i. Legal and ethical concerns in digital ads

Because of the real-time and distributed nature of the marketplace for digital advertising, enforcement of existing laws regulating truth in advertising is challenging. Deceptive digital ads and clickbait are by now a well-known problem. In 2020, the Federal Trade Commission (FTC) received 2.2 million complaints from consumers [61], with the second-largest category of those complaints stemming from online shopping.

The problems with deceptive advertising, however, extend beyond clickbait in display ads, however. Digital advertising has introduced entirely new categories of advertising, including influencer marketing [28, 53]. Influencer marketing refers to ads that run on the websites, blogs, or social media channels of people who have amassed a large audience for their content, commercial or otherwise. It is estimated that more than $3 billion will be spent on influencer marketing in 2021 [36]. Influencer marketing is subject to all existing laws regulating advertising, but compliance issues on the part of influencers are well documented [38]. This may be because influencer marketing is decentralized both in the sale and delivery of advertising, and therefore lacks a neat analog to any type of advertising in the pre-digital era.

A 2019 study by Mediakix [11] found that of the sponsored posts by the 50 top celebrity influencers on Instagram, only seven percent appeared to be fully FTC-compliant. Influencers often do not disclose that ads they run are paid endorsements rather than uncompensated reviews, or if they do disclose, it may not be easily visible to their audience. An example of an insufficient disclosure would be a #sponsored note at the bottom of a long post, which a user would be less likely to see.

ii. Ad targeting issues

In addition to problems with ads themselves, significant legal issues have arisen regarding how ads are targeted. In 2016, ProPublica reported that Facebook allowed advertisers to systematically exclude racial minorities from housing ads [20]. When ProPublica followed up on this story the following year, it found that the issue had not been fixed, and Facebook was still allowing advertisers to target ads in discriminatory ways [22]. Also in 2017, The New York Times and ProPublica jointly reported that Facebook routinely allowed employers to exclude certain age groups from job ads [21], which could constitute illegal age discrimination. In 2019, the U.S. Department of Housing and Urban Development sued Facebook for violating the Fair Housing Act [26], although this case is still ongoing at the time of this writing [86]. In 2019, Facebook also settled several lawsuits surrounding allegations that the platform allowed housing, employment, and credit to be targeted in discriminatory ways [26].

In September 2017, ProPublica reported that Facebook’s advertising platform allowed advertisers to reach users based on available user categories such as “Jew haters” [23]. Ads that included “Jew haters” as part of their targeting parameters were approved within 15 minutes and ran on the platform. In response, Facebook acknowledged that an ad can “surface on our platform that violates our standards.” The company further stated that “Jew haters” and other similar user categories were generated by an algorithm without human intervention but “didn’t appear to have been widely used.”

However, users’ ability to scrutinize problematic ad targeting by themselves is limited. Ad platforms, including Facebook, Google, and others, do provide users with some mechanisms to see certain information about how an ad that they are being shown was targeted to them [79, 81, 82]. However, ad targeting data disappear as soon as the ad is gone. If a user doesn’t click on the menu item right away, they can no longer retrieve the relevant ad targeting information for the ad in question. The timing and the complexity of retrieving targeting information for one ad means that, while users may inspect occasional ads, it is not possible for them to review how they are targeted on a regular basis. Critically, if an ad is targeted in a discriminatory way by excluding certain users from seeing an ad, the ad will not be served to those users. Because users cannot see the ad, they cannot access the ad’s targeting information, including any discriminatory or illegal exclusion criteria aimed at them. Finally, researchers have found that the textual description of the ad targeting parameters is incomplete, which makes it hard to assess how useful these disclosures are [19].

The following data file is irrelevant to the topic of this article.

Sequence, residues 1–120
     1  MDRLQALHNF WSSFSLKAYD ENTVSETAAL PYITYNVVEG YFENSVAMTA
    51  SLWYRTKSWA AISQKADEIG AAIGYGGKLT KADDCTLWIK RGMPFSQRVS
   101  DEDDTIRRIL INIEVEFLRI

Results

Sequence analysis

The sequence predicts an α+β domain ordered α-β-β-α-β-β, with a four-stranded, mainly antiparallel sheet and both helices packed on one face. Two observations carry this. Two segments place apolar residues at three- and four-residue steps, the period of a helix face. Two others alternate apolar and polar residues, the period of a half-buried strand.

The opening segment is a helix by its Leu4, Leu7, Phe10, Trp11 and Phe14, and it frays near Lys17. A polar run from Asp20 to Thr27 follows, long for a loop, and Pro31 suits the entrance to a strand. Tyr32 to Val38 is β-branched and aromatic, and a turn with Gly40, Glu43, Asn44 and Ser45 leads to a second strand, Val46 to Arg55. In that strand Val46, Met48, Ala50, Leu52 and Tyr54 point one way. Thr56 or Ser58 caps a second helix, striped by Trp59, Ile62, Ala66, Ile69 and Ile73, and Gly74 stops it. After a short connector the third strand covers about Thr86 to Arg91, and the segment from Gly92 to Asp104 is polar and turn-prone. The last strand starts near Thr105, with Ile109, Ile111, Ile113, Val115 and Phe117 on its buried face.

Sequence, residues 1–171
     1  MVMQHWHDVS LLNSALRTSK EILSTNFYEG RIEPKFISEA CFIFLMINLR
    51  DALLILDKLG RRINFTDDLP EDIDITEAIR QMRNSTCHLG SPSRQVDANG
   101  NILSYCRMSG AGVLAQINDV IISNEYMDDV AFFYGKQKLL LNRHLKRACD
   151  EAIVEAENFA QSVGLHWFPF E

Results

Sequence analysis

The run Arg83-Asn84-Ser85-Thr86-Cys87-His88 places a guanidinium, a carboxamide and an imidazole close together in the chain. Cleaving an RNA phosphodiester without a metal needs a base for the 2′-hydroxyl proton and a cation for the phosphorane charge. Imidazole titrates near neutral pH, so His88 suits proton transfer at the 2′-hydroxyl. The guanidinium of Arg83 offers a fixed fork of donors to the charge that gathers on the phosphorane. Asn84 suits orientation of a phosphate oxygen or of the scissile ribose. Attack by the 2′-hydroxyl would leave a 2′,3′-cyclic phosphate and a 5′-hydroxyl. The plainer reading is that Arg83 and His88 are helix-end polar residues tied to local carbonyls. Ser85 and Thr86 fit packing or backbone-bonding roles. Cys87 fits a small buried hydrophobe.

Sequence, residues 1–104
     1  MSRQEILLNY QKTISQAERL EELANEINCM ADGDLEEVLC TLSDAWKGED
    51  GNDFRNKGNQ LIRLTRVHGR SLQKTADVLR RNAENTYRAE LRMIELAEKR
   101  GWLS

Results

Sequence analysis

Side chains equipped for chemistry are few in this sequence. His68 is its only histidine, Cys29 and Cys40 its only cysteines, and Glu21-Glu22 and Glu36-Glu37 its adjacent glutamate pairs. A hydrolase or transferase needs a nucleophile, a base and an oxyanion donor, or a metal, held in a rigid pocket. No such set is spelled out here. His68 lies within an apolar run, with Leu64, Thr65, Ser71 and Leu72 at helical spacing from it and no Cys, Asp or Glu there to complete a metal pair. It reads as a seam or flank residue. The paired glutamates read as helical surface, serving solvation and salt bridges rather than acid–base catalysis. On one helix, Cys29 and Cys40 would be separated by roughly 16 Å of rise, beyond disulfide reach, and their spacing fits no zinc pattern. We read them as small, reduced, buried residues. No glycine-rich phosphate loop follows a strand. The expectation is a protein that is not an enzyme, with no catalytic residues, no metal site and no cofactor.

iii. Ongoing concerns with misinformation in digital advertising

Misinformation in advertising has a long history in the United States. Even in the early 1800s, campaign pamphlets would feature scurrilous rumormongering [77]. But misinformation may be more of a concern today, due to how much of it is distributed through social media platforms whose technology accelerates its reach and spread.

Misinformation occurs in a number of substantive domains, including health policy. This could include product advertisements (think of misleading claims about a dietary supplement or the effectiveness of a prescription drug) and recently with regard to COVID-19 [27], vaccinations against the disease [32].

Misinformation, of course, also occurs in political advertising. Scholars have studied lies and misleading claims in televised political ads for a long time (see [18] for an overview), but it was Russian-backed advertising in the 2016 U.S. presidential election that was, to some extent, a game changer. Serious attention to this issue in the United States began in 2017 and 2018, when the public first became aware of the scope of Russian disinformation efforts during the 2016 election that utilized, among other things, Facebook ads [25, 31]. The Russian Internet Research Agency (IRA) used the platform’s ad targeting tools to buy ads that often mentioned issues of race and (some suggest) were intended to demobilize voters [87]. Although the IRA spent only about $100,000 on Facebook ads in the U.S. (most of them “issue" ads) [42], the inability of researchers, politicians, or journalists to track these ads or their sponsors led to calls for more transparency. High-profile attention to this issue is largely credited with prompting platform efforts to create ad libraries.